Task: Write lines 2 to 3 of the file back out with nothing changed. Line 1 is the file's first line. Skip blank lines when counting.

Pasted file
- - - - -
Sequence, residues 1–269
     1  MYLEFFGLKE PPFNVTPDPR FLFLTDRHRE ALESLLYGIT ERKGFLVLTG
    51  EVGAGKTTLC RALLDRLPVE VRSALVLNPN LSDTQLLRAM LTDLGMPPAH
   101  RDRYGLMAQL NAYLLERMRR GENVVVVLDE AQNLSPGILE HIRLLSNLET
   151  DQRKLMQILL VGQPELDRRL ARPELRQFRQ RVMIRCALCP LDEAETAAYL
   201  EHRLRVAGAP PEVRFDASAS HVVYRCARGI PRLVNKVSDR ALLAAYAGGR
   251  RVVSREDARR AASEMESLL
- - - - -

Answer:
     1  MYLEFFGLKE PPFNVTPDPR FLFLTDRHRE ALESLLYGIT ERKGFLVLTG
    51  EVGAGKTTLC RALLDRLPVE VRSALVLNPN LSDTQLLRAM LTDLGMPPAH